Skydive Lake Tahoe: Escape the Crowds and Take the Plunge | SierraSun.com

Skydive Lake Tahoe: Escape the Crowds and Take the Plunge

Submitted by Susan Schnier

It’s July, and along with clear skies, warm weather and long weekends, come the inevitable crowds and congestion. While Truckee usually feels like a serene mountain paradise, in summer it can occasionally seem as overcrowded as the biggest cities.

So if you’re looking to get out of town for the day or get a unique perspective on the local landscape, a trip to Skydive Lake Tahoe is a great way to seize the day, escape the masses, and see spectacular views of the area. Maybe you want to up the adrenaline ante, or perhaps skydiving has been on your lifetime to-do list. Either way, summer is a great time to fly.

Located 40 minutes north of Truckee, at the Nervino airport in Beckworth, Skydive Lake Tahoe offers tandem jumps for first-timers ($185 per jump), along with Tandem Progression and Accelerated Freefall classes for students wanting to learn to jump solo (starting at $1310). No experience is required for a tandem jump, but jumpers must be over 18, and under 200 pounds for women and 220 for men.

Founded in 1997 by professional skydiver, 8,500-jump veteran, and speed freefaller (327 miles per hour), Mike Vail, the company offers an alternative to the hustle and bustle of the larger drop zones. Mike is the pilot and handles all of the equipment and technical responsibilities. His wife, Amy Vail, manages the business side of the operation.

For people who are already skilled in the art of survival, Skydive Lake Tahoe offers instruction on acrobatics and flying tricks. Though many people think you fall straight down, you can actually fly in every direction (except up) by changing the positioning of your body in space. Vail, one of the originators of free flying, will help advanced jumpers choreograph their airtime.

All first timers take a Tandem class on the day of the jump where you’ll learn the basics – like arching your back, thrusting your hips forward, and dropping your head back in preparation for the 120-mile per hour freefall. As a first timer, you’ll freefall for about one minute and sail under canopy for about five.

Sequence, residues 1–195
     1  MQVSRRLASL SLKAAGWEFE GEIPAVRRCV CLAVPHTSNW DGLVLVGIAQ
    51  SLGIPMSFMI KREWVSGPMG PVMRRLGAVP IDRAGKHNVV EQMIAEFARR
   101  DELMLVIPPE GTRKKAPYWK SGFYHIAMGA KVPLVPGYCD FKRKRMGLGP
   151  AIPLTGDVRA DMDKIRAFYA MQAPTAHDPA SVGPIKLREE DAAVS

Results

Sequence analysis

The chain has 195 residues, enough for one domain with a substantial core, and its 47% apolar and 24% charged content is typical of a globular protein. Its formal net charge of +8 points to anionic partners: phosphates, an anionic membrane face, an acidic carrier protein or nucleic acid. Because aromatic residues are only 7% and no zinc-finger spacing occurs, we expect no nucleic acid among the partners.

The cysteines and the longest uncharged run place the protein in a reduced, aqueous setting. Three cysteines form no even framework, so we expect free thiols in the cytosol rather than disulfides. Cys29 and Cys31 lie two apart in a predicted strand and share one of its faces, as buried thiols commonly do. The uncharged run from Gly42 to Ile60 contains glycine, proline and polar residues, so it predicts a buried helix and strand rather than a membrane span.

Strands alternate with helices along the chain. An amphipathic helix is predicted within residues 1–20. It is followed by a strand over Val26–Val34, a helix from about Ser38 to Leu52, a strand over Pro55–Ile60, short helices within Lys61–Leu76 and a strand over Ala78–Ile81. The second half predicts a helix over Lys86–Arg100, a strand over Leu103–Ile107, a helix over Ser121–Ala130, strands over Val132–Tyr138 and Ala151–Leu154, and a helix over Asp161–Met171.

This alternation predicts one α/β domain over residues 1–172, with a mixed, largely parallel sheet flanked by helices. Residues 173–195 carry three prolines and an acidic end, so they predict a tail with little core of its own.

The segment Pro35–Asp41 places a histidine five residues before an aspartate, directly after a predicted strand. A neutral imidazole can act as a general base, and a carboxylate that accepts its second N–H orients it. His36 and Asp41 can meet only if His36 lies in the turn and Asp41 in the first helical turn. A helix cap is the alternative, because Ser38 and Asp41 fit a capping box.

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During the 15-minute plane ride, you’ll see Mount Lassen and Mount Shasta, still snow-covered at the end of June, as well as Lake Tahoe, Frenchman’s Reservoir, Lake Davis, The Sierra Valley, Reno, the Sierra Buttes, and the Feather River.

At 7,500 feet, the instructor connects your harness to his, verbalizing each of the four connection points as he goes. At a final altitude of approximately 10,000 feet, you’ll head for the door.

Once you are stabilized in the air, you can spread your arms out and soar. At 5,000 feet, the instructor pulls the ripcord, deploying the parachute (students can do this as well). You’ll get to hold the straps that guide the chute and experiment with steering and turning. As you approach the landing, you’ll pull your feet up and, depending on your weight and the air conditions, put your feet on the ground, and take a few steps before coming to a smooth stop back on earth, or slide in on your butt.

Safety is of paramount importance at Skydive Lake Tahoe. It is a United States Parachute Association (USPA) drop zone that follows all know safety standards and regulations. Every instructor at Skydive Lake Tahoe is licensed and rated by the USPA. Members of Skydive Lake Tahoe’s staff are national and world champions, internationally sought after skydiving instructors, as well as movie stunt men.

For $60, a photographer will jump with you to capture your jump on video or still photos, or $75 for both.

If you’re itching to take the plunge, listen to KRQZ radio for a chance to win a free jump. On August 23rd, Skydive Lake Tahoe in conjunction with KRZQ, the Resort at Squaw Creek, and several other sponsors, will host an afternoon party at the Resort. With the Reno reggae-rock band Livitz Livitz, jamming in the background on the ice rink, one DJ and one lucky winner will jump from the sky, landing on the Resort’s golf course. Bullwhackers will supply the drinks for an afternoon of merriment and freefall.

* To make a reservation, call 530-832-1474

* Skydive Lake Tahoe operates year-round, though peak season is from June through September.

* For more information on skydiving in general, go to http://www.uspa.org